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Background of Do Not Track

Rather than issue comprehensive privacy legislation or regulations mandating that companies must not collect or use data in particular ways, the United States largely relies on industry self-regulation to protect Internet privacy. Self-regulation groups include the Interactive Advertising Bureau (IAB), Network Advertising Initiative (NAI), and Digital Advertising Alliance (DAA). Internet companies may choose to join one of these self-regulation groups. If they do so, they are bound by the group’s rules, but also gain certain benefits. For example, NAI member companies must offer opt-out cookies, and the NAI hosts a centralized page where users can choose to enable them. Self-regulation groups can respond to member companies breaking their rules by revoking membership. The United States’ Federal Trade Commission (FTC) is the main source of enforcement for online privacy, and companies have paid millions to resolve FTC actions. The FTC is chartered to act when companies engage in unfair or deceptive practices, like when they promise one thing in their privacy policy yet do something else in practice.

Meanwhile, in Europe, the ePrivacy Directive came into force.[2] The Directive has been amended by Directive 2009/136 which changes how some cookies are handled, requiring affirmative consent from users for cookies that are not “strictly necessary”. In addition, persistent cookies that contain a unique user ID are classified as personal data. Companies are not sure how to comply with these new regulations without diminishing user experiences online. In part due to these concerns, the cookie directive will not be enforced for a year. Regulators are considering whether DNT could eventually become a mechanism to establish consent to cookies.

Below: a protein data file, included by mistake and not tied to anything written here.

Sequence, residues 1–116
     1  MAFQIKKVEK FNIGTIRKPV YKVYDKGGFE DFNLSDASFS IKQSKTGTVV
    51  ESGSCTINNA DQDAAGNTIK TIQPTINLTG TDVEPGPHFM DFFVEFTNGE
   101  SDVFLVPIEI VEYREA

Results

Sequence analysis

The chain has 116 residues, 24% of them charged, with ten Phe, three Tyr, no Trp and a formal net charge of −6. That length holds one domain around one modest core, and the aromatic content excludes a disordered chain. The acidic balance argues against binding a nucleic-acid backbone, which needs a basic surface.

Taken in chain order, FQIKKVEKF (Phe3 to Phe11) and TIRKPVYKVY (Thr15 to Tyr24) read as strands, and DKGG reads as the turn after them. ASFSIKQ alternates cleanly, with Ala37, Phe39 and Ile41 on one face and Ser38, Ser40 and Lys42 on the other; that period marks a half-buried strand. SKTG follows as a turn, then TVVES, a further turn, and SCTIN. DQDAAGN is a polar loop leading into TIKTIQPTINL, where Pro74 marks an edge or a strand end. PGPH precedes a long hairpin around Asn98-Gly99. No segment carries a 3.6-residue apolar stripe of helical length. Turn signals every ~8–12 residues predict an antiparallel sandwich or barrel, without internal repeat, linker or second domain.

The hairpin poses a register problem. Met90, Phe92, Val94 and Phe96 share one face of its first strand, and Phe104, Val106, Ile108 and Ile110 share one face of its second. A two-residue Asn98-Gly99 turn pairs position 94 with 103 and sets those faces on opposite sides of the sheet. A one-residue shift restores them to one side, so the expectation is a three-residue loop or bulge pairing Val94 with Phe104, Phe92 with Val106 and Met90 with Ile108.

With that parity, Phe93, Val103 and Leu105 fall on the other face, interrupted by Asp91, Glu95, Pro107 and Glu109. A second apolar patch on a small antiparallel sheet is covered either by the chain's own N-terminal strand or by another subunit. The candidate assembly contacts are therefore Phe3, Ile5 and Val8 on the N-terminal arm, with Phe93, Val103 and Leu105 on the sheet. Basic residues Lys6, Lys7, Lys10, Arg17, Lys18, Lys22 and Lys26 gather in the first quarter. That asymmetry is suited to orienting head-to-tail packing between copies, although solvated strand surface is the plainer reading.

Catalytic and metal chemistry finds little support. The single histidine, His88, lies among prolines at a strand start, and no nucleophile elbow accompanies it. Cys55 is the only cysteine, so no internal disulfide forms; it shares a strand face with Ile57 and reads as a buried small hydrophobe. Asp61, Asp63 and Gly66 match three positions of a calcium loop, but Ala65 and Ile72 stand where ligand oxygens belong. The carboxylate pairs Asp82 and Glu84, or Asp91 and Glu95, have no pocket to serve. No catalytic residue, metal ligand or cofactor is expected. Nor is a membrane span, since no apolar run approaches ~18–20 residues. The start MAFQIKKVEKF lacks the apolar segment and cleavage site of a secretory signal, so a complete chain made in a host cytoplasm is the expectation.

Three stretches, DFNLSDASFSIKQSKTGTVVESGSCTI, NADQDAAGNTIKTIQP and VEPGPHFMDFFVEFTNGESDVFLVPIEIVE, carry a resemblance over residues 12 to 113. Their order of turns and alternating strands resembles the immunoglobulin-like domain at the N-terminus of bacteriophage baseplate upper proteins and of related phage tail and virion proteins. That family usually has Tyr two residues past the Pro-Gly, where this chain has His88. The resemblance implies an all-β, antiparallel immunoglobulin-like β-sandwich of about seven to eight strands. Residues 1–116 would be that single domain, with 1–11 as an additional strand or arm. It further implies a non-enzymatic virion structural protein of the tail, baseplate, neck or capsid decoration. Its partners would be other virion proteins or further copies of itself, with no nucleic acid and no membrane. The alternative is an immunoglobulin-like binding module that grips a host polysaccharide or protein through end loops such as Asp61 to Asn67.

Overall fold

Mechanisms for Internet privacy are usually grounded in a theory of notice and choice. As one example, websites offer notice of their data practices through privacy policies, and users choose to visit a site or not. In practice, privacy policies have been unsuccessful in providing clear, usable notice. Unsurprisingly, few users actually read them. This creates information asymmetries where the companies offering goods or services know substantially more than the buyer. Economists identify information asymmetries as a market condition in which there is a high likelihood that is better for government to intervene, rather than to rely on a free market solution.

Users have additional choices beyond electing not to visit a specific website. Many advertisers offer opt-out cookies. These allow users to communicate a preference for privacy rather than targeted advertising. The details of what an opt-out cookie actually does, however, vary from site to site. For example, an online behavioral advertising (OBA) company might respond to an opt-out by deleting all existing cookies and setting no new cookies, beyond the opt-out cookie itself. One major search and advertising company responds to an opt-out request by replacing a unique identifier for the user with the string “OPT-OUT.” The company continues to collect the same information, but all users who have opted out are aggregated together as if they were one giant user. Another major search and advertising company responds by keeping exactly the same data collection practices, but slightly changing data use. In all three cases, the companies stop showing targeted advertisements based on behavioral profiles. Users have no transparent way to know how their data is collected and used, and in practice, they do not understand what NAI opt-out cookies do.[3]

Beyond the issue of user confusion regarding what it means to opt-out, opt-out cookies suffer from a technical challenge. Many of the users who set opt-out cookies also regularly delete all of their cookies in order to preserve privacy. This deletes their opt-out cookies as well. There are technical measures to respond to this problem, including the TACO plugin that retains opt-out cookies, as well as a similar solution built into Google’s Chrome Web browser. These responses do not work in settings where cookies are not set at all, like on some mobile platforms.